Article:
The Basics of Lewy Body Dementia

The Basics of Lewy Body Dementia

LBD (Lewy Body Dementia), or Dementia with Lewy Bodies (DLB), is a neurodegenerative disease that has characteristics similar to that of both Alzheimer’s and Parkinson’s diseases. It is one of the four common types of dementia known and is associated with protein deposits in the brain that cause disruptions to the normal functioning of the brain. Diagnosing the disease is extremely tough as its symptoms can resemble that of other brain diseases.

The Lewy Body Disease Family

Lewy Body Disease Family Org Chart

Lewy Body Dementia is a member of the Lewy Body Disease Family which includes (1) Lewy Body Dementia (LBD) often times called Dementia with Lewy Bodies (DLB), (2) Parkinson's Disease (PD) and (3) Parkinson's Disease with Dementia (PDD). Although we talk a little about PD and PDD throughout the guide below but we focus primarily on LBD. 

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One of the most common causes of dementia after Alzheimer’s disease and vascular dementia, LBD occurs due to abnormal microscopic deposits of a protein known as alpha-synuclein in the brain. Discovered in the early 1900s by Freiderich H. Lewy, these proteins are better known as Lewy bodies. The build-up of these Lewy bodies causes the brain to deteriorate due to the disruption of normal brain functioning.

In normal conditions, the alpha-synuclein proteins are actually quite abundant in the brain. The problem of LBD arises when the proteins mutate and form little clusters within neurons, which leads to cellular death. The location of the protein deposits define the types of symptoms that a person exhibits. It can be either that of Parkinson’s, which mainly affects the motor system, or that of Alzheimer’s, which mainly affect cognition and memory.

Lewy Body Pathology: H&E Stain

Lewy Body Dementia Pathology

(A) The large pink Circle is a Lewy Body within a Brain Cell. (B) The brown section to the left of the Lewy Body is normal brain pigmentation. (C) The nucleus, the cell's control center is to the far left of the cell.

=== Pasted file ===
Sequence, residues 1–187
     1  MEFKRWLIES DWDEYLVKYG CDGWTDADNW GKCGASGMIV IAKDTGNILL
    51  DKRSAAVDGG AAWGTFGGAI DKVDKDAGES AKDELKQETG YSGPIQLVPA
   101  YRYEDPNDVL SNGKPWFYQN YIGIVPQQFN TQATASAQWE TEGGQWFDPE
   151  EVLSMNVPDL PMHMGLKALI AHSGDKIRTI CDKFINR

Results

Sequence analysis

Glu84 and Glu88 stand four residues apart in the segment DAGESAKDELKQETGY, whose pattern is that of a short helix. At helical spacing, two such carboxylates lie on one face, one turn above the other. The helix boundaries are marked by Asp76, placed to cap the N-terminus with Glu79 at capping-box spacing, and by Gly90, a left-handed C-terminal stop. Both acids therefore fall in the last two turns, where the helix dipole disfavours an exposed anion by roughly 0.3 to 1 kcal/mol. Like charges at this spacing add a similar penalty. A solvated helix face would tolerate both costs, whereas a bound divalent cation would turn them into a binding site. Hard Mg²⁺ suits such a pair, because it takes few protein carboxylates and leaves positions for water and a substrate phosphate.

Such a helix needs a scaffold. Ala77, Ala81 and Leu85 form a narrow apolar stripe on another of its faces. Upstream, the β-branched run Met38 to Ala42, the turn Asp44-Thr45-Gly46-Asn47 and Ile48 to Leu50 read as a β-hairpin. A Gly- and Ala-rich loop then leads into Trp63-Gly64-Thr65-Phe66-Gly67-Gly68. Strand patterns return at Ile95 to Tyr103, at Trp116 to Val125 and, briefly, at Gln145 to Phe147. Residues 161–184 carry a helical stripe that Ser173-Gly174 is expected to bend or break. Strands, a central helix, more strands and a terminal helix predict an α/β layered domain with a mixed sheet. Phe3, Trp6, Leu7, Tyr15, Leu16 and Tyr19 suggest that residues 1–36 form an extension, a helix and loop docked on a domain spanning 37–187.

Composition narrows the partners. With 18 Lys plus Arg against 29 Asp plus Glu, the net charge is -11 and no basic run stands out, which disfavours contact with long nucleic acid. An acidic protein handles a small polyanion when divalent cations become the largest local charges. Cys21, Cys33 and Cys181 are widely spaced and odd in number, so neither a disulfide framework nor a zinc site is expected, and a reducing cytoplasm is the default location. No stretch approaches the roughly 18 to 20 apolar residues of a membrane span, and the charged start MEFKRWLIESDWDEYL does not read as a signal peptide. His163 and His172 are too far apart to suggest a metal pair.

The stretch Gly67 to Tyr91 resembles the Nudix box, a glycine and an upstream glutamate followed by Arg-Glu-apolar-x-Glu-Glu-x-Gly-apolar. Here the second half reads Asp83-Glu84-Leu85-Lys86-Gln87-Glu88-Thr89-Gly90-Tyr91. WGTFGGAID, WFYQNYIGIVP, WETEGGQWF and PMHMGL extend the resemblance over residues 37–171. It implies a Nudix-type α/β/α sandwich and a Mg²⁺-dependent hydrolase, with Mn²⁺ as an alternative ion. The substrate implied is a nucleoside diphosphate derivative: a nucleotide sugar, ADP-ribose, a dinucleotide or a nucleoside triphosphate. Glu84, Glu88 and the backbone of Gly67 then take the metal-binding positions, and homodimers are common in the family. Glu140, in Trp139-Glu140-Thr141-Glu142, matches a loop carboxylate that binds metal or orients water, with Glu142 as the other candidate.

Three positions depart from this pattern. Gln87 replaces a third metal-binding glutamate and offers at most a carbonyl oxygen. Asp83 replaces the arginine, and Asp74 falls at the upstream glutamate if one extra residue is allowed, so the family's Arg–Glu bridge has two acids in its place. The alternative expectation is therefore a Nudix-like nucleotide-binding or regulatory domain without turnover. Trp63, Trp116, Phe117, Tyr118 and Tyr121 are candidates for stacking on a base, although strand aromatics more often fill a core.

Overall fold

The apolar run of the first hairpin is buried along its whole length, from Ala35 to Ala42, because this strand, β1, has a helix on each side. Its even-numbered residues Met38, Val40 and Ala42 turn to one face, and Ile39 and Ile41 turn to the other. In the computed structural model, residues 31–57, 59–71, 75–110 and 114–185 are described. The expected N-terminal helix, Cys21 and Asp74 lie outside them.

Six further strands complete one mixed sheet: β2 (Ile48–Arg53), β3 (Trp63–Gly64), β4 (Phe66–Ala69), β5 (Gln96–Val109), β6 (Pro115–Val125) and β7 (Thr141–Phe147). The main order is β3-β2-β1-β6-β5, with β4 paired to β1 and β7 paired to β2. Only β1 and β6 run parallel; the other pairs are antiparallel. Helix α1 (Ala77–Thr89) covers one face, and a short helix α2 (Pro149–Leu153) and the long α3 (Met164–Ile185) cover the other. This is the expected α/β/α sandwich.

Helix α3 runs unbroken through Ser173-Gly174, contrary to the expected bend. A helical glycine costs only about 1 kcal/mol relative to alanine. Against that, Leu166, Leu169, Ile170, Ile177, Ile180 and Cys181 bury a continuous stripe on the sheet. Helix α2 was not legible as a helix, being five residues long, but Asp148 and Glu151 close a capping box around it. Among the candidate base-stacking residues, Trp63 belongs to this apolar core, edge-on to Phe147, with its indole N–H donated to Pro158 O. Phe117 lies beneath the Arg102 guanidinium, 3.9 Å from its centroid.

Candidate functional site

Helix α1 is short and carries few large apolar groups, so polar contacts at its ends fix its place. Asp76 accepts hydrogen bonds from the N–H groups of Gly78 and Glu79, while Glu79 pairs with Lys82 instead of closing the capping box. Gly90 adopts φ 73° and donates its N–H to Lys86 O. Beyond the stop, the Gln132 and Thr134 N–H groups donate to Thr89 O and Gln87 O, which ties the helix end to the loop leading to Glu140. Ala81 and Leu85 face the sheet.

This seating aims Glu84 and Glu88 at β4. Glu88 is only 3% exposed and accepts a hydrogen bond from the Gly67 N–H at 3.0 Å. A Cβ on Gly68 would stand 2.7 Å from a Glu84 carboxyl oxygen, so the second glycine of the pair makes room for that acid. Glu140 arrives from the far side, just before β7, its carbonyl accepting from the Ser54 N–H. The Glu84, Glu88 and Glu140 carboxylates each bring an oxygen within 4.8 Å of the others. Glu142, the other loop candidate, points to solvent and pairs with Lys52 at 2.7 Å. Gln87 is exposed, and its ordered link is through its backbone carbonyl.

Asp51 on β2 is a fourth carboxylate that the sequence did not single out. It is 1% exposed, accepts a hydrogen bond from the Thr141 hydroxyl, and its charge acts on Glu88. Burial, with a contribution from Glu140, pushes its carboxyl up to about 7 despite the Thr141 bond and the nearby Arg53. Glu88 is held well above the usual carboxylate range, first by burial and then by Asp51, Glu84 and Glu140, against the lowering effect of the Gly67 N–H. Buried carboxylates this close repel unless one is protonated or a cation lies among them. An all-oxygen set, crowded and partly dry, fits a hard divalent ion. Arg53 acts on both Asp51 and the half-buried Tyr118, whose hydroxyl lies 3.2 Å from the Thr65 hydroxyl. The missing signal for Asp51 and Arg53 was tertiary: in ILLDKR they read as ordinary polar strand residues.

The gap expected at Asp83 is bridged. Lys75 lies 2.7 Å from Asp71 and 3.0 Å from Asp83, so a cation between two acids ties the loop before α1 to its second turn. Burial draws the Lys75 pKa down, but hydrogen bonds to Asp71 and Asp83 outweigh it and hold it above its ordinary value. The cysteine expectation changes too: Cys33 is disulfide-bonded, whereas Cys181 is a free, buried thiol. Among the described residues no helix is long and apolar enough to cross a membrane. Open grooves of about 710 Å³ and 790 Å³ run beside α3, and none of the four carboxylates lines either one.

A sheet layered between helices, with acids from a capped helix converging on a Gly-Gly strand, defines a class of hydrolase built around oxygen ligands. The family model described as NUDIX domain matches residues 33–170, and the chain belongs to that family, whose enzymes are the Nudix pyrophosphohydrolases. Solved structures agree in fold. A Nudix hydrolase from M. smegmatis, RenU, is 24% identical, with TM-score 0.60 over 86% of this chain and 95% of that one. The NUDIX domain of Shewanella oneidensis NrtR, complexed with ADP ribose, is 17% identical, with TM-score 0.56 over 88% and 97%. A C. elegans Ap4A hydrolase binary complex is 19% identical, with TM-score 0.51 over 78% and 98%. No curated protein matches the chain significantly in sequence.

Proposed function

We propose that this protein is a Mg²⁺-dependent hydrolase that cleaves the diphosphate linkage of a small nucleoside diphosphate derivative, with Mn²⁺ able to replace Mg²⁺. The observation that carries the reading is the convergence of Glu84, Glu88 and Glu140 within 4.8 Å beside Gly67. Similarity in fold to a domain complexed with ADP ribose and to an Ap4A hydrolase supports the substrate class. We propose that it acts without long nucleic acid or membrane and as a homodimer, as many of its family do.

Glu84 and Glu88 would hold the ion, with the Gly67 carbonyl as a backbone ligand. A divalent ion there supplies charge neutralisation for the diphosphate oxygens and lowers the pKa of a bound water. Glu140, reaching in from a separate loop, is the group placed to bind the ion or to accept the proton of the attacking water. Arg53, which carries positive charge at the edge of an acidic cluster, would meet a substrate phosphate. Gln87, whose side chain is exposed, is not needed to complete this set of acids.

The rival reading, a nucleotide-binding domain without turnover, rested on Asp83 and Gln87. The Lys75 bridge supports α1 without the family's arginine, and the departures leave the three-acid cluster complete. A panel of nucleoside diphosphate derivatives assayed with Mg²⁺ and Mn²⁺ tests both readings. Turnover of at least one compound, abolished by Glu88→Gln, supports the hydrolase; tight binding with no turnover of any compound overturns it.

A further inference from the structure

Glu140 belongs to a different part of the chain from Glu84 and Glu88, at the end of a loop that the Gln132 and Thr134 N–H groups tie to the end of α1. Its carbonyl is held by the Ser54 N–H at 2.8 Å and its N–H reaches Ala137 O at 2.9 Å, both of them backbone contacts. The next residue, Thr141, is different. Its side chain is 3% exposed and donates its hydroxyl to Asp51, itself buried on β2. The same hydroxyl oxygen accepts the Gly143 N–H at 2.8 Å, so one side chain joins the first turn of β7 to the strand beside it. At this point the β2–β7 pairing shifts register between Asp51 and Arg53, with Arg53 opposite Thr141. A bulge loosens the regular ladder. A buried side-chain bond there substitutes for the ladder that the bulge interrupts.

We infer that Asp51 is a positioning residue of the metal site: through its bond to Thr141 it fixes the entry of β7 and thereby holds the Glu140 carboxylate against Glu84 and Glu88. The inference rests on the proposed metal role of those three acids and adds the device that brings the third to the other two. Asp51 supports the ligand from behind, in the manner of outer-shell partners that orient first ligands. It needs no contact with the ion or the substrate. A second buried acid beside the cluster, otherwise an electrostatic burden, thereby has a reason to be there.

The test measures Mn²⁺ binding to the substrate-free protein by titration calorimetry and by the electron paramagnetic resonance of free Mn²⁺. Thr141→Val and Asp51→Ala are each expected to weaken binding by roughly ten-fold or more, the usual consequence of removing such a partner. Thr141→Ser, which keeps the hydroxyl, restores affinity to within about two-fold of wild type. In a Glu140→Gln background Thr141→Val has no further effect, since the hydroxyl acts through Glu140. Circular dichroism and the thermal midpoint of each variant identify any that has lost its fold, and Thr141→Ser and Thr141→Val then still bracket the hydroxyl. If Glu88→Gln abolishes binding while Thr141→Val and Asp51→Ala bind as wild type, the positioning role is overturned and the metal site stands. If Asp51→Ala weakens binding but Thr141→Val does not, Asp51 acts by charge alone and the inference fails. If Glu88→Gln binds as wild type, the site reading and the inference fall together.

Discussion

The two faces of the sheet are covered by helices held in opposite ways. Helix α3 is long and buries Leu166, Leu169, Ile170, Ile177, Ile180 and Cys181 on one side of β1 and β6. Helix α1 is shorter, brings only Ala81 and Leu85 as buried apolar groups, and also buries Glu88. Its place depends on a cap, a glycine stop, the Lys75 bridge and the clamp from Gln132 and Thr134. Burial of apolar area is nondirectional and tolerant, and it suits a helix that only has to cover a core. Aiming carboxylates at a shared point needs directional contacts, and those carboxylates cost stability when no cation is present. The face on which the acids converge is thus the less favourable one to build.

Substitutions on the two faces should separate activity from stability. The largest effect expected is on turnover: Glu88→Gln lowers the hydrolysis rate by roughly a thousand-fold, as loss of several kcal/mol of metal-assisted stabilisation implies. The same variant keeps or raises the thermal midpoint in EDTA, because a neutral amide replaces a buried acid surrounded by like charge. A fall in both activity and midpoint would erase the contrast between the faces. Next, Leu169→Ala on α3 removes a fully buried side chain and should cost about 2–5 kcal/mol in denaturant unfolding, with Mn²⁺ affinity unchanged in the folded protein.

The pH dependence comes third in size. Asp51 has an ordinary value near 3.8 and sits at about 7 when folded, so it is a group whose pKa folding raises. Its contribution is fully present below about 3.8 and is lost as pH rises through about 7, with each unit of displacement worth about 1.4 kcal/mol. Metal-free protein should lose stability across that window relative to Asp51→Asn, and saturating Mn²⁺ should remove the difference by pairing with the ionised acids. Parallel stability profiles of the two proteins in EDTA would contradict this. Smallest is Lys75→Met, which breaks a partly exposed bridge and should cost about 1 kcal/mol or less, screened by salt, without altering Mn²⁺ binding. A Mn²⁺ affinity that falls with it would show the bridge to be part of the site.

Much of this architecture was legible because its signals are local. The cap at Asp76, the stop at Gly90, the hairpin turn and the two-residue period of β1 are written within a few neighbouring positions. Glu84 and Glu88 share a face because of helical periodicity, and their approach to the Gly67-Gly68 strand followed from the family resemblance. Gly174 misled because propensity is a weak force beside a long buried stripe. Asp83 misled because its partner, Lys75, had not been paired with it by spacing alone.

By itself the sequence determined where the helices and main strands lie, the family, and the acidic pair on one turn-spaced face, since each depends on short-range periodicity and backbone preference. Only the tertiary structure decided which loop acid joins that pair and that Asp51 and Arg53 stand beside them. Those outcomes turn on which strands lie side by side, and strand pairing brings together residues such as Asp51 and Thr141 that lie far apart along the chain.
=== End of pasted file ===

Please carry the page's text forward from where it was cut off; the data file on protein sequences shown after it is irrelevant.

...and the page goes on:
(Source: US Department of Health & Services: Advisory Council on Alzheimer's Research, Care and Services)

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Lewy Body Dementia accounts for roughly 4% of all recorded dementia. However, experts believe that, due to its symptoms overlapping with other brain disorders, it is severely underdiagnosed and could possible account for more than 10% of all dementia cases. It is estimated that 1.4 Million Americans have LBD, PDD, or LBV-AD. In terms of gender, LBD tends to affect males and females equally.

Age on the other hand, plays an important role. Most cases of LBD are found in individuals in their mid-60s and beyond. The onset of the disease prior to that is quite rare. Other risk factors include, medical, lifestyle, and environmental are known to increase a person’s chances of developing LBD. Once in a while, the onset of LBD can be genetically linked, but these are special occurrences and require further research to support.

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Unfortunately, the exact cause of Lewy Body Dementia remains unknown to date and is still an area that has much to be studied. Researchers believe that there might be a hereditary link to the disease, but have yet to find strong support for it.